Why can we not say Water exist in 4 phases

Discussion in 'Chemistry' started by timojin, Dec 16, 2015.

  1. DaveC426913 Valued Senior Member

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    Right. but there are plenty of materials that have a liquid phase near room temp. Gallium is a fun one.
     
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  3. DaveC426913 Valued Senior Member

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    What do you mean? What makes you think we know nothing about it?

    We know plenty of things about the individual molecule - such as its 105 degree angle and how that gives rise to its macro properties. If we did not know this specific property of an individual water molecule, we would have no idea why it expands when it freezes - we would be forced to think it is magic.

    Make no mistake the angle is the property on an individual molecule.


    Lots of stuff here:
    https://en.wikipedia.org/wiki/Prope...ydrogen_bonding_and_inter-molecular_structure
     
    Last edited: Mar 25, 2016
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  5. river Valued Senior Member

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    Fine ; but right now we are exploring water .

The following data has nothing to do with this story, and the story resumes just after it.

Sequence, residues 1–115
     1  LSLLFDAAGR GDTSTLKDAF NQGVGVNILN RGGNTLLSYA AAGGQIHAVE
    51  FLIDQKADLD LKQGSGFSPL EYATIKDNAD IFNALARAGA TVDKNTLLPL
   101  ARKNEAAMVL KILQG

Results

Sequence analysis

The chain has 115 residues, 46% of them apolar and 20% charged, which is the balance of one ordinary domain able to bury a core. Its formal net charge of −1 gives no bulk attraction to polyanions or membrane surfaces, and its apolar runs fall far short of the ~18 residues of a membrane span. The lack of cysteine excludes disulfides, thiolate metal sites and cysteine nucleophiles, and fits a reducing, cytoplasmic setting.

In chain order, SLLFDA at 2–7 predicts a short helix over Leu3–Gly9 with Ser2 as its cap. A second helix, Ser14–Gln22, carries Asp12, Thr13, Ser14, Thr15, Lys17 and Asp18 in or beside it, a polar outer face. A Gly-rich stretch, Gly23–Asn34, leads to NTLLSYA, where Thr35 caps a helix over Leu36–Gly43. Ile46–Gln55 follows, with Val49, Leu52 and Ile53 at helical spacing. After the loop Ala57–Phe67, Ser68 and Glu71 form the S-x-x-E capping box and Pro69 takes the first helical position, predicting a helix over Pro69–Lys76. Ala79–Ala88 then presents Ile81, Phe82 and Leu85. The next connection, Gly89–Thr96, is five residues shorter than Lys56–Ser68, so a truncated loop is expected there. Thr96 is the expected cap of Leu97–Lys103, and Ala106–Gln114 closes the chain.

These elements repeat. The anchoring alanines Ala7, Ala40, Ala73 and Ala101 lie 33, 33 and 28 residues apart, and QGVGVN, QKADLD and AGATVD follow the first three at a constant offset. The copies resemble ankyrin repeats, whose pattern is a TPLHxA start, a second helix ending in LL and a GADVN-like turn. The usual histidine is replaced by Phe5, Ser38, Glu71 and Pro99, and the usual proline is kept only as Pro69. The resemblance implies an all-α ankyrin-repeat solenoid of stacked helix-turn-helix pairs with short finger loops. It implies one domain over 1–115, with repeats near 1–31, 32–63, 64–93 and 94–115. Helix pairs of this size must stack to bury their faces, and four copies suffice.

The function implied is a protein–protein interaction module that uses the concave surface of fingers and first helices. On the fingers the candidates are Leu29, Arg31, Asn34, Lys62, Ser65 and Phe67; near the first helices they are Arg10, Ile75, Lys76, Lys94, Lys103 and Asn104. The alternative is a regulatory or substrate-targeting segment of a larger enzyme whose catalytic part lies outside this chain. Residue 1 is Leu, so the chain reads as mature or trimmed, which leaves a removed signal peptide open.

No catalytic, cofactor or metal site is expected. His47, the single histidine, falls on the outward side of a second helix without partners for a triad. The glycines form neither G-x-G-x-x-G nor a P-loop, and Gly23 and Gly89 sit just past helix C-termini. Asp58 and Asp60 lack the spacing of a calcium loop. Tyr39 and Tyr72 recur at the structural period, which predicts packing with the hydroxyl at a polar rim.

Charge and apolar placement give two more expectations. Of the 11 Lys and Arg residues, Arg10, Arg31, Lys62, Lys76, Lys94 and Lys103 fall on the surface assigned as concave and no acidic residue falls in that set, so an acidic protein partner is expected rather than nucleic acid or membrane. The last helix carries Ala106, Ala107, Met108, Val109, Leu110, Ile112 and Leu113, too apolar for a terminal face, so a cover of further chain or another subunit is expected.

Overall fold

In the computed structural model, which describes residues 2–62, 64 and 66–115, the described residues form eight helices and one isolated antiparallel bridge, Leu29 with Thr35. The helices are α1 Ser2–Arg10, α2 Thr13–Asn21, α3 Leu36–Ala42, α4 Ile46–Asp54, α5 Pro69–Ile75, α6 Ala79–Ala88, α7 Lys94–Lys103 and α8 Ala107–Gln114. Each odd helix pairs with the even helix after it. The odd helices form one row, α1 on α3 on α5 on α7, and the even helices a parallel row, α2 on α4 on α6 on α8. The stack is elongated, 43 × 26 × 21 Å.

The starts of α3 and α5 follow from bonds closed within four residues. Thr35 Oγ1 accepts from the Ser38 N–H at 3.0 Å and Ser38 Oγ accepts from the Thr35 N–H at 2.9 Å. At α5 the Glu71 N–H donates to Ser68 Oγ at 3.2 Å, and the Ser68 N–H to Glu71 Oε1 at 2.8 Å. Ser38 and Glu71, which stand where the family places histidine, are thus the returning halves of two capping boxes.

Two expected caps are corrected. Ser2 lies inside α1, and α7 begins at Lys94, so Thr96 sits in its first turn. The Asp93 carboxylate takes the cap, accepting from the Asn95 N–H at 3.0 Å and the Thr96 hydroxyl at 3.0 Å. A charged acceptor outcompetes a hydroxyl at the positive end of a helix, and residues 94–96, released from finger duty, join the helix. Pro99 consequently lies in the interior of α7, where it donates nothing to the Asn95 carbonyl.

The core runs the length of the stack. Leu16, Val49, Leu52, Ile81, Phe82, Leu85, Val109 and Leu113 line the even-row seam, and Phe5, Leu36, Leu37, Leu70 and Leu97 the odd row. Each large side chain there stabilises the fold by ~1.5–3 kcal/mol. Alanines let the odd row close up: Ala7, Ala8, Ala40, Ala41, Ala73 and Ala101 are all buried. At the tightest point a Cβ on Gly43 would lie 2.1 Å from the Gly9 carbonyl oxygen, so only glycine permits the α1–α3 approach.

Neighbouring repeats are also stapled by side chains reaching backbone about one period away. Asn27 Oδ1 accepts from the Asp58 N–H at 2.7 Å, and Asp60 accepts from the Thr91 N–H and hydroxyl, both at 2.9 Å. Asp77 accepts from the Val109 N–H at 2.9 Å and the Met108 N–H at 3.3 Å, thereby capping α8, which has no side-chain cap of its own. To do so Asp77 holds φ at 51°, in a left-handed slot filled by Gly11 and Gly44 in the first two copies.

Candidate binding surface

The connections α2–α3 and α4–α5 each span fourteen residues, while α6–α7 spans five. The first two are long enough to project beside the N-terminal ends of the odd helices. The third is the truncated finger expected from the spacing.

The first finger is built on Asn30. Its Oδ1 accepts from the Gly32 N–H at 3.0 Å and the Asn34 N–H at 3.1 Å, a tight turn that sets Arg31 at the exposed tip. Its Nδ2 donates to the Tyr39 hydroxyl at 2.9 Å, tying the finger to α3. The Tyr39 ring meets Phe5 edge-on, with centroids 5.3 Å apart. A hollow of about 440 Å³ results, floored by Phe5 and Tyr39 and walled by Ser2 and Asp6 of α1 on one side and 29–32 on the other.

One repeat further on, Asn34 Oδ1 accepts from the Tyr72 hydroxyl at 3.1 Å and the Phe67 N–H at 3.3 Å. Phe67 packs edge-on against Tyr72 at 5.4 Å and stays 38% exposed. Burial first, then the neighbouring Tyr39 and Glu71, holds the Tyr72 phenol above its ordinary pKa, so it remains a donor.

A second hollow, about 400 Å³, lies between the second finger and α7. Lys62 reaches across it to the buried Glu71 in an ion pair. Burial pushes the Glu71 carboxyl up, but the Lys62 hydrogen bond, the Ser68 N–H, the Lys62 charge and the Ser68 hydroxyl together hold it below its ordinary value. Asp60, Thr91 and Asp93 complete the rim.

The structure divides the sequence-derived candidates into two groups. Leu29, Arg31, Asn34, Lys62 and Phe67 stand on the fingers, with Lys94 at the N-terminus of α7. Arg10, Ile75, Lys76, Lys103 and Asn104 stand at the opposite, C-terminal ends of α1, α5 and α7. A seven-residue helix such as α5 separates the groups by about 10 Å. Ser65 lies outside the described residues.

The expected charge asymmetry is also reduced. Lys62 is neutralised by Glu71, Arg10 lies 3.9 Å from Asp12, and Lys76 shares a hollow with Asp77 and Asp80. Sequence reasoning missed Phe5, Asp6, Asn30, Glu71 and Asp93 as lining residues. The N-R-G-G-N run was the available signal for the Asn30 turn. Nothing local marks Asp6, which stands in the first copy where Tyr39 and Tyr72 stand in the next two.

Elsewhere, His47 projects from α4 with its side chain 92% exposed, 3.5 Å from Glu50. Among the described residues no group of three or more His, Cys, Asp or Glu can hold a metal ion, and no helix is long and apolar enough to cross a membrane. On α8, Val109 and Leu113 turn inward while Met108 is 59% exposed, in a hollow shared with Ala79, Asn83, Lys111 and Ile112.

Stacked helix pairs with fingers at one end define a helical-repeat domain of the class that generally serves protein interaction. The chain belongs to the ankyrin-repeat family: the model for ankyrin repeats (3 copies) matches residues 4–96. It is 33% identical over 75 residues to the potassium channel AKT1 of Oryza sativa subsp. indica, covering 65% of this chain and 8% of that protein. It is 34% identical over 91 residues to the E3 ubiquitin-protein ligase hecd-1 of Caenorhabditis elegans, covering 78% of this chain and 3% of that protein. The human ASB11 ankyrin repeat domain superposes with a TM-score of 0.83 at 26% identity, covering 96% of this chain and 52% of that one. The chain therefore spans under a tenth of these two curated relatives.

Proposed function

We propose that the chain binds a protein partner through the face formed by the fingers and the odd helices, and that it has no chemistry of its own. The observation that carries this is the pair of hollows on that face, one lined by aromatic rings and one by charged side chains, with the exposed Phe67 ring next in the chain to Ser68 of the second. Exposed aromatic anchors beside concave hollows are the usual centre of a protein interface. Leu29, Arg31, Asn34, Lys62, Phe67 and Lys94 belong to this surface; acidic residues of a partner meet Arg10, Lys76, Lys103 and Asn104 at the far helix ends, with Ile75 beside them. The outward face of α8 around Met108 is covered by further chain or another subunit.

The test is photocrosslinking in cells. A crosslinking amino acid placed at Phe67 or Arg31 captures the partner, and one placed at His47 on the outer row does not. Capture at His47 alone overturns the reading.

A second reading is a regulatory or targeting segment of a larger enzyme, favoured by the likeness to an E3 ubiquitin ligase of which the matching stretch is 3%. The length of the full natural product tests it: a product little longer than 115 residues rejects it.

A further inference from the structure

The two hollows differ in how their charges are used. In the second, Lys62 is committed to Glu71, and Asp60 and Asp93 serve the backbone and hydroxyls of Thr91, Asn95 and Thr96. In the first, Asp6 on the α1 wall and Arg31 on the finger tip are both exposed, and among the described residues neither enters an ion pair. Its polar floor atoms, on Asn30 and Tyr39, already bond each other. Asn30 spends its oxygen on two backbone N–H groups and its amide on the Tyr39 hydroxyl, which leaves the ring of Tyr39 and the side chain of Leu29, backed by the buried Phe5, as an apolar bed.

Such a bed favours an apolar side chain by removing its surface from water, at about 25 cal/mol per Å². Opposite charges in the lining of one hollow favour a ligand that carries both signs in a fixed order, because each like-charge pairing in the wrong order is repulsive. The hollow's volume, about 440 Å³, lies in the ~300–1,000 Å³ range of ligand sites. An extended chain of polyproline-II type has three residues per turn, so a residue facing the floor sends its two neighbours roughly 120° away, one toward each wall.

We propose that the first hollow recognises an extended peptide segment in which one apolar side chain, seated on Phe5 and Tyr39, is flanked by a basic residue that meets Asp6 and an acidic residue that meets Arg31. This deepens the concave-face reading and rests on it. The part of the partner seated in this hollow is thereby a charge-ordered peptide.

( By the way any Journal you would recommend on material science ). Tough to find ; in book stores .

    river
     
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  7. river Valued Senior Member

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    Are you saying that we understand ; that we have explored everything about a single ; a single molecule of water ?
     
  8. DaveC426913 Valued Senior Member

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    You claimed we know "nothing at al" about single molecules of H2O. That is not true. We know lots. (I did not say "everything")

    Eschew hyperbole.

    Aggregate properties are only one facet of H2O.
     
  9. river Valued Senior Member

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    Dave

    From your post # 122 ; I dare to go deeper still.

    Can we isolate an hydrogen atom down to the point of its liquidity ?
     
  10. DaveC426913 Valued Senior Member

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    Hang on. Now you're mixing apples and oranges.

    Neither H nor O nor H2O are liquids in individual form. Liquidity is a property of aggregates only.
     
  11. river Valued Senior Member

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    Thats what I want to do though ; is bring down a single atom of both hydrogen and oxygen to the point of liquid ; the reason ; to find what this liquid acually is.